Major adverse cardiovascular events (MACE) may be more common in adults with nonalcoholic fatty liver disease (NAFLD) of any severity compared to those without NAFLD, according to a recent study.
Researchers performed a population-based cohort study in which all Swedish adults from 1966 to 2016 with histologically confirmed NAFLD but no cardiovascular disease (CVD) were matched to five or fewer population controls without NAFLD or CVD. NAFLD was categorized as simple steatosis, nonfibrotic steatohepatitis, noncirrhotic fibrosis, and cirrhosis. The study's primary outcome was incident MACE, defined as ischemic heart disease, stroke, congestive heart failure, or cardiovascular mortality. Results were published online Sept. 6 by Gut.
The study included 10,422 patients with NAFLD and no CVD and 46,517 controls matched by age, sex, calendar year, and county. A total of 2,850 patients with NAFLD and 10,648 controls had confirmed incident MACE over a median of 13.6 years. MACE incidence was higher in patients with NAFLD than in controls (24.3 per 1,000 person-years vs. 16.0 per 1,000 person-years; difference, 8.3 per 1,000 person-years; adjusted hazard ratio [HR], 1.63 [95% CI, 1.56 to 1.70]). Rates of individual MACE, including ischemic heart disease, congestive heart failure, stroke, and cardiovascular mortality, were also higher among patients with NAFLD. A progressive increase in incident MACE rates was observed with worsening NAFLD, peaking for cirrhosis (adjusted HR for patients vs. controls, 2.15; 95% CI, 1.77 to 2.61).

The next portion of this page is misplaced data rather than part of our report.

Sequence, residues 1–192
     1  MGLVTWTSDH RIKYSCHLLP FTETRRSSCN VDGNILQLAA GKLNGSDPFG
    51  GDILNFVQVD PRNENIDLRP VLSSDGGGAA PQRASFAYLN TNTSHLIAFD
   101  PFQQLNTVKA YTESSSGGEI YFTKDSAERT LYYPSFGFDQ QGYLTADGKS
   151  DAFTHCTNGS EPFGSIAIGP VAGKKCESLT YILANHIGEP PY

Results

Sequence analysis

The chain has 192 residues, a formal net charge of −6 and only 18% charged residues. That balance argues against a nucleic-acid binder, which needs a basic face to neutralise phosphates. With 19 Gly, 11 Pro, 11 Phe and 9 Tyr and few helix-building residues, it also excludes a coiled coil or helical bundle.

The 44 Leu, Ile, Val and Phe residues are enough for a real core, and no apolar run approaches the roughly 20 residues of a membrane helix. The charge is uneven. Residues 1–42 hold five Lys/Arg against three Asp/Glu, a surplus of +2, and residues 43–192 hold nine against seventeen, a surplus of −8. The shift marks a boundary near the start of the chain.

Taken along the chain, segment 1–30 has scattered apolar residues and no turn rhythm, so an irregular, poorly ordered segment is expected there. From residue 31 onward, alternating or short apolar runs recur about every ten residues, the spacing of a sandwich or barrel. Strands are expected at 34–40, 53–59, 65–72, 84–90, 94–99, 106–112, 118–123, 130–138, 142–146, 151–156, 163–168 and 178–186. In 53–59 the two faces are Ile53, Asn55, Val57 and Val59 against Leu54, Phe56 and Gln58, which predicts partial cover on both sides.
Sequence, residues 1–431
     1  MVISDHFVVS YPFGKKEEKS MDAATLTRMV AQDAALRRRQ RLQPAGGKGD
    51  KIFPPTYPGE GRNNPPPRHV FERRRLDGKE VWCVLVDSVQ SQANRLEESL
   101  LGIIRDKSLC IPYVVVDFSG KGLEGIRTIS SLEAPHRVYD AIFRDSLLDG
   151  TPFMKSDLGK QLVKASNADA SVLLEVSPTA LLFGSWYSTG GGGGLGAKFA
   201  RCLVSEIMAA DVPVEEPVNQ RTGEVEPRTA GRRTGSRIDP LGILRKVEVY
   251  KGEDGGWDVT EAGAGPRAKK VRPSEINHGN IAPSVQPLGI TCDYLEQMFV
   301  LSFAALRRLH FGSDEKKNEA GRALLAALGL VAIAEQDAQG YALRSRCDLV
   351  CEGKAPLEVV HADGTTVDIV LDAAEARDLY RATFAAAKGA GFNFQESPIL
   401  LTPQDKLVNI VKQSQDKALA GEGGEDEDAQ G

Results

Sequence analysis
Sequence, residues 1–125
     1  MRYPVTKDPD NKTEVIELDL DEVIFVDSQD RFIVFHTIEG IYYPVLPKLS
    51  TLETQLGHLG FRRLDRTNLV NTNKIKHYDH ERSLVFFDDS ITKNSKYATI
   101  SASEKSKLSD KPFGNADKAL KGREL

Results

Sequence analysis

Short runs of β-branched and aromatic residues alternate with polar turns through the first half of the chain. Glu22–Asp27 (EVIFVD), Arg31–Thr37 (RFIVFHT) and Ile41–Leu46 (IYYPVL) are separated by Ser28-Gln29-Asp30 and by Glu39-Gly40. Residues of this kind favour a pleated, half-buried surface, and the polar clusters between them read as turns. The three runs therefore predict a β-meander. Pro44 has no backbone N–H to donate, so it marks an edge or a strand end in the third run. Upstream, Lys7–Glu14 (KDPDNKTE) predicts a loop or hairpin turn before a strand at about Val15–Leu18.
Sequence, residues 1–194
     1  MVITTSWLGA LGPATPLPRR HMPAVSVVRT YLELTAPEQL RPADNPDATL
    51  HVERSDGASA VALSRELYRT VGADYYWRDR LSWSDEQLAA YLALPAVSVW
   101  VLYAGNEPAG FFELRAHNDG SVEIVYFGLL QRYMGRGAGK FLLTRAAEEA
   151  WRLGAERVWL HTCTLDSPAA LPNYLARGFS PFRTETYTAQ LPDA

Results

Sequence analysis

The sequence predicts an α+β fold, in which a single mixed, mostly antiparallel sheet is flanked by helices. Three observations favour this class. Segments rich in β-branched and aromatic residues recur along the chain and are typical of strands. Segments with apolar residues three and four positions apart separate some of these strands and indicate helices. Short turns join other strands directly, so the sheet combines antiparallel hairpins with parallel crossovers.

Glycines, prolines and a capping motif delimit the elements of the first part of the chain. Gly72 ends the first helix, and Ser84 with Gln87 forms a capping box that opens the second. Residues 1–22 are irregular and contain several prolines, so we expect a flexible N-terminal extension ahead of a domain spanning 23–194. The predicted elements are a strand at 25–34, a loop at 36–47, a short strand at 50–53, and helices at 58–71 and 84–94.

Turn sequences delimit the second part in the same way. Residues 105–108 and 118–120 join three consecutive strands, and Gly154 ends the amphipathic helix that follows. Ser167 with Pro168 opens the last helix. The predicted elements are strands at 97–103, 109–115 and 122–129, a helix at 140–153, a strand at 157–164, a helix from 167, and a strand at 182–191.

The study was retrospective and could be subject to selection bias and residual confounding, among other limitations, the authors noted. They concluded that all NAFLD is associated with increased risk for fatal and nonfatal MACE and that the risk worsens with disease severity. The results “provide support for improved [cardiovascular] screening and risk stratification strategies in high-risk patients with NAFLD fibrosis and cirrhosis who may be most likely to benefit from primary CVD prevention.”
An accompanying commentary said the study convincingly illustrates the relationship between NAFLD and CVD risk, confirming results of a previous meta-analysis and providing new evidence of a link between NAFLD and congestive heart failure. “During the last decade, evidence has accumulated to show that NAFLD is a ‘multisystem’ disease that not only increases risk of liver-related complications, but also increases risk of developing type 2 diabetes mellitus (T2DM), chronic kidney disease, and certain extrahepatic cancers,” the commentary authors wrote. “Overall, therefore, these data provide important evidence supporting a holistic approach to the treatment of NAFLD, where not only is the management and treatment of liver disease considered, but also the increased risk of CVD and other extrahepatic complications.”